EARLY HISTORY OF VIDEO GAMES, PART 2
In my previous post (Part 1), I shared a bit of insight into the early days of “arcade gaming” with a history on bagatelle. I also briefly touched on pachinko. Let’s delve into that fun game a bit more, shall we?
Around 1930, in Nagoya, Japan, the Corinth game evolved into pachinko and gained popularity as an adult pastime. All of the parlors in Japan were closed during World War II, but the pastime showed up again in the late 1940s and has remained strong since. The very first commercial parlor opened in Nagoya in 1948, and you can still find pachinko parlors in Japan today.
While electronic arcades with pinball machines began appearing in the late 1970’s, pachinko machines remained mechanical until the 1980’s. And yes, “Plinko” (as seen on The Price is Right) is very much a form of pachinko. No wonder it’s one of the most popular games on the show!
Pinball machines also stemmed from bagatelle. Between 1750 and 1770, a variant was introduced called “Billard japonais” (or “Japanese billiards”) which utilized thin metal pins and a coiled spring and plunger (sound familiar?). Approximately 100 years after this invention, Montague Redgrave (a British inventor) filed a patent called “Improvements in Bagatelle” (US Patent #115,357) which added the spring launcher. At the same time, the size of the table shrank to fit on a counter top.
In the late 1920s and early-30’s, a few manufacturing companies began to produce coin-operated versions of bagatelle, which became known as “marble games” or “pin games” (having replaced the ball with a marble and the wickets with pins). The first of these was by Gottlieb. In 1931, ‘Baffle Ball‘ was released (click here for more). This machine sold for $17.50 and dispensed 5-7 balls for a penny. It did so well during the Great Depression (when people were seeking cheap entertainment) that it was in stores and pubs across the United States, with most locations rapidly recovering the cost of the machine.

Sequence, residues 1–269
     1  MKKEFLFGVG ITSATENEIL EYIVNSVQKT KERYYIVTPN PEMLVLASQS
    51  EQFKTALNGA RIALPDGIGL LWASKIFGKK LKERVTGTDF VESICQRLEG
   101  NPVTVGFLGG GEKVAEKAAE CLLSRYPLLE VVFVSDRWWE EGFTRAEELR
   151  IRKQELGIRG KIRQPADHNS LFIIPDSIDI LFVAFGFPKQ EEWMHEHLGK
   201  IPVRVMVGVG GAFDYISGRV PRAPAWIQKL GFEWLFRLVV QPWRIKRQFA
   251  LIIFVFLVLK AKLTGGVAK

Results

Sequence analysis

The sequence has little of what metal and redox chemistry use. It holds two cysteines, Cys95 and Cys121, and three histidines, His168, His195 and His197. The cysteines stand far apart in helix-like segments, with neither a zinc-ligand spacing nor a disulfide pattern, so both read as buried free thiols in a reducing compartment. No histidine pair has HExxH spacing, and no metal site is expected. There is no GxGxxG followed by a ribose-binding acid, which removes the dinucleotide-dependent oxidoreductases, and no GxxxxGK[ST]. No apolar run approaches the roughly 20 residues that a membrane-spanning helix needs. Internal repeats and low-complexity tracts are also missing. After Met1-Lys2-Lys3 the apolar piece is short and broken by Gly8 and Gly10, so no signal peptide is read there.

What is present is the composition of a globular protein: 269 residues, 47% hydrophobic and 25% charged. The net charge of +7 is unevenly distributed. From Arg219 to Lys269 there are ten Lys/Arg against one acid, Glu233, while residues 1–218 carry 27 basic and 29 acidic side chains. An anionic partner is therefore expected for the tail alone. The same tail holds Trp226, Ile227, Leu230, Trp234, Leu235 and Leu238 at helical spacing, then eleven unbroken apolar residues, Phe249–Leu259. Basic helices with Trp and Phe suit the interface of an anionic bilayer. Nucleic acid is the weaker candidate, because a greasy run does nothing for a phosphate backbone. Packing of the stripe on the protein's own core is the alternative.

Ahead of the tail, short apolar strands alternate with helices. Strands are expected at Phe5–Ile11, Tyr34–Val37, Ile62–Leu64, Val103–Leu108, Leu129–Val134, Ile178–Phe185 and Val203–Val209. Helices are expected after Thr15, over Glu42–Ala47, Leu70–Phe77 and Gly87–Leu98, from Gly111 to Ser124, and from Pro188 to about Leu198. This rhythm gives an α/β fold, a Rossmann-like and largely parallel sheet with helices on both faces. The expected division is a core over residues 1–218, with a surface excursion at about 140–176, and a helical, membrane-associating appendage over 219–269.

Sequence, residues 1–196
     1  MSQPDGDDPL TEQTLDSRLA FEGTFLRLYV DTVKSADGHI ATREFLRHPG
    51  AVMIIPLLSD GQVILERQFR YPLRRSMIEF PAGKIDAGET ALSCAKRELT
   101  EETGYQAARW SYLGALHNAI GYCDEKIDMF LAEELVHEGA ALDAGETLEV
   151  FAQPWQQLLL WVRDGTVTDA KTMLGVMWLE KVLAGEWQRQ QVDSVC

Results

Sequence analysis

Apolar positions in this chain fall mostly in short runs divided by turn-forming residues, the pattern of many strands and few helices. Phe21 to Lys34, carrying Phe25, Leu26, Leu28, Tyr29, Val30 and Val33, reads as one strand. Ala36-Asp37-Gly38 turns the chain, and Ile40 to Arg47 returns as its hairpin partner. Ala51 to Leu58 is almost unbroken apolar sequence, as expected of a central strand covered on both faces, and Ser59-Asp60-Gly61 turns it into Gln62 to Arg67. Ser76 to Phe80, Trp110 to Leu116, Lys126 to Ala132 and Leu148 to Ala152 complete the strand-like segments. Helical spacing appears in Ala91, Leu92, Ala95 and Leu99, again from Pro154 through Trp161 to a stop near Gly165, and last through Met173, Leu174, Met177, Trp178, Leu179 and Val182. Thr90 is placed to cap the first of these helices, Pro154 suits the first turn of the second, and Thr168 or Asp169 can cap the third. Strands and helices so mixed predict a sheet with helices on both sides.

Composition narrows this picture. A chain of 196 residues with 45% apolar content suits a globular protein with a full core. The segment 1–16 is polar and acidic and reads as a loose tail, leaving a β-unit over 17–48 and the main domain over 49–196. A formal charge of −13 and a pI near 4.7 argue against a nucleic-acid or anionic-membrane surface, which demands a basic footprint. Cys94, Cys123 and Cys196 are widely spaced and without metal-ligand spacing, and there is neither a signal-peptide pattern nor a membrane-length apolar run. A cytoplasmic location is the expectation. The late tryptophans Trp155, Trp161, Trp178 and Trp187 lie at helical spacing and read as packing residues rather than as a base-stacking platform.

One distributor, Ray Moloney, was having issues obtaining units of ‘Baffle Ball’ to sell and thus founded his own company: Lion Manufacturing. This is how ‘Ballyhoo‘ came to be. A game named after a popular magazine of the day. It had a larger field and more pockets- making it more challenging and thus more popular. He changed the name of his company to Bally to honor the success of his first game.
Through the 1930’s, electricity made these games more popular and more companies started up to manufacturer them (most of which were within Chicago- which has remained the pinball capitol since). During World War 2, all of the major manufacturers began working on equipment for the war effort. After the war, the need for entertainment drove a new era of pinball machines.
Gottlieb introduced ‘Humpty Dumpty‘ in 1947: the first game to add flippers to the game. It had three pairs of outward-facing flippers. The first machine to bear the pair of inward-facing flippers we know now was ‘Spot Bowler,’ which Gottlieb released in 1950. While many pinball companies existed then and now, Gottlieb dominated the post-war landscape and to this day, is considered to have some of the most collectible machines.
If one considers apes to be our distant ancestors, pinball machines and bagatelle can be thought of as the ancestors of modern-day video games.
While I’ve gone rather in depth as to the history of the mechanized gaming machines that came before modern day gaming, here’s a video with a brief history of pinball (including its time as an illegal activity!):
What is your earliest memory of pinball games? Did you visit arcades as a child? Share stories in the comments! We’d love to read and hear about your experiences.